3. Lack of confidence. This is “Fear of failure’s” wingman. My career is based on telling the tales of other people. Fiction was a whole other thing (regardless of criticisms over the years from folks who swore I made up stuff for the newspaper).

4. Privacy. I don’t share a lot about myself (I get the blog-related irony). I’m rarely on Facebook and when I tweet, it’s largely for work. “Dead Jed” was locked away in the brain basement for a long time. Now I’m booting him out the house hoping the world invites him in. He won’t take up a lot of room, I swear.

5. Worried how colleagues and peers would react. I work in a field where people are judged daily on their writing talents. Competition is as ever-present as compliments are rare. Given the extremely talented people I work with, I feared they would take any number of shots at a humorous, even frivolous, middle-grade book. Of course I was wrong. When word of the book got out, my colleagues were incredibly supportive. I realized how very lucky I was to be among such good people.

6. Did not want to be “That guy.” Going back to the tailor scenario, if I am sewing during the day and writing at night, I’m probably sharing the ongoing narrative with my colleagues, clients and anybody who would listen. Since most reporters want to write a book at some point, I didn’t want to be the guy with ad nauseum updates, beginning every sentence with “So my agent told me …” and becoming the newsroom Richard.  Now if I were crafting a suit, I would be all like, “Dude, check out these lapels I finished last night.”



More than 18 years ago, something very special happened that has occurred only billions of times before. A child emerged into this world and as I held him when he was minutes old, I knew I’d never experience anything more beautiful.

But I got pretty close Friday.

For days I’d been waiting for the  literary stork to bring me my first born, until I was informed the anticipated package had not even left wherever it was books were made (a part of publishing process that remains a mystery to me, but I am sure it involves cabbage patches, magic beans and glue).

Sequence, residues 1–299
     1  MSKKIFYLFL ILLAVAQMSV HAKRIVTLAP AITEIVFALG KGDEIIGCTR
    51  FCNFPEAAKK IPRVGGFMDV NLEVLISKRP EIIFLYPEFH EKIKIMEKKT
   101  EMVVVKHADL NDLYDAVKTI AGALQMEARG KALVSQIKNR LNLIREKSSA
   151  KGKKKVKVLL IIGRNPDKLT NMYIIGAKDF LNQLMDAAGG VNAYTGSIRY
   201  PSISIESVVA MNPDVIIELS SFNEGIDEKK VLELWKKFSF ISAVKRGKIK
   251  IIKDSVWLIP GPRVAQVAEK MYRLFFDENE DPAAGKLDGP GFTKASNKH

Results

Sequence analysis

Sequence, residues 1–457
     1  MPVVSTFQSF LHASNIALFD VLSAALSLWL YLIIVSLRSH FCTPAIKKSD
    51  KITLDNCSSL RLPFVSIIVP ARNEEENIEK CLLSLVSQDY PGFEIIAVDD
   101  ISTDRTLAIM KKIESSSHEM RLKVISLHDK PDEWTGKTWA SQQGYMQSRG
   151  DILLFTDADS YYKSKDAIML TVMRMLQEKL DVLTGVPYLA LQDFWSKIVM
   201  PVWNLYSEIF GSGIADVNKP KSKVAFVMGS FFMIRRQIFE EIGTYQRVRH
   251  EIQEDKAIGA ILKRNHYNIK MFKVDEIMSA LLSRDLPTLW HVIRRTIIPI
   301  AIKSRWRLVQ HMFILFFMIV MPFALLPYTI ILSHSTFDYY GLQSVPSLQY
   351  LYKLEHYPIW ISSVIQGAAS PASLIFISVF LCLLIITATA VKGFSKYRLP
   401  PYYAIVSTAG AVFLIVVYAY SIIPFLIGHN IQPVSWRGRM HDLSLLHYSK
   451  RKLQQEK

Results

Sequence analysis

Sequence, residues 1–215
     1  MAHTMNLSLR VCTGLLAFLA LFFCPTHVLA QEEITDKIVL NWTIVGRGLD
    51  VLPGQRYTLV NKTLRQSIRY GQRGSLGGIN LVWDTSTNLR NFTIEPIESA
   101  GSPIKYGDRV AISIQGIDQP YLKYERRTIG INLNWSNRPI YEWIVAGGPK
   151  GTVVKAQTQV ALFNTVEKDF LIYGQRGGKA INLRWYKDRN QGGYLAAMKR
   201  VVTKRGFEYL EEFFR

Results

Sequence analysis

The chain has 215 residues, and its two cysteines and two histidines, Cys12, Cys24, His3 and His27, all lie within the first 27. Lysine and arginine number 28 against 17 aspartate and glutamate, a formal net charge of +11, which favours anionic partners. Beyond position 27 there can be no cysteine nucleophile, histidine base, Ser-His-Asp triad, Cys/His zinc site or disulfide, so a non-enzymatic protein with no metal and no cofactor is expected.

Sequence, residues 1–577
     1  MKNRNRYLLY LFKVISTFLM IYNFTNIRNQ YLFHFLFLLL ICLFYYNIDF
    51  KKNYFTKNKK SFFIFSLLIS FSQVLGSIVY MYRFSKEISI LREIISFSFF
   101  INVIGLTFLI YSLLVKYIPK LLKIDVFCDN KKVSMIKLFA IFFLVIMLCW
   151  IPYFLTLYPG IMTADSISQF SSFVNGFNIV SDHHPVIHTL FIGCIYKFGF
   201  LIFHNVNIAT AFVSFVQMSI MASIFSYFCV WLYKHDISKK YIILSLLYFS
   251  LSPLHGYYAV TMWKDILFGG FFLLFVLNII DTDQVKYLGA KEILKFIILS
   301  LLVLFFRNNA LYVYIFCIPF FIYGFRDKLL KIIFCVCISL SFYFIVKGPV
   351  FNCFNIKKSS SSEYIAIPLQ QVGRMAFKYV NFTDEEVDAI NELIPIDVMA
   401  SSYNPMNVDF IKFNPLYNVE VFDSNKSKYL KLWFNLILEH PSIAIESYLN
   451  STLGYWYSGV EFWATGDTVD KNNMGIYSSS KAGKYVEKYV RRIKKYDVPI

Friday afternoon, when my dog Sandy delivered her “Evil is afoot” warning – a bark that accompanies doorbells, vacuums and approaching canines – I glanced outside and noticed a UPS truck. Probably just delivering more Eddie Bauer shirts to the guy two doors down, whose fashion sense is very manufacturer specific.

Curious, I watched the delivery guy lift the back gate, lean in and emerge with a compact box that appeared to be somewhat heavy, due to his grunt as he hefted it to his shoulder.

A box full of books might be that heavy. Could it be?

He turned toward the house and headed this way. Sandy’s barking went from “Evil is afoot” to “We’re all gonna die!” as the UPS man headed up the driveway.

I remained cool, continuing to stare out the window rather than rush to the door screaming, “The boosk the books the books!!” and potentially frightening the UPS dude.

I counted to, something, opened the door, threw a very casual “Thanks man” to the UPS guy as he walked away, and grabbed the box.

It was heavy. And the flaps bulged just a bit, as if straining to contain the awesomeness inside.

Slitting the packing tape with a knife, I folded back the flaps to reveal two neatly stacked rows of “Dead Jed: Adventures of a Middle School Zombie.”

More than five years ago, I’d written the first words of my first attempt at my first book. Up until this moment, it had existed as a series of electronic files. Real, but not really real.

I picked up the top book, ran my fingers along its shiny-smooth cover, admired my name.

You heard me. I admired my name. If there was ever a time to allow for some ego, this was it. I also am unapologetic about what I did next – opened the book to the middle to see my name atop an even-numbered page, then flipping through a dozen more pages to see my name go by over and over again.

I admired my book baby, knowing it was a special moment that has occurred millions of times before.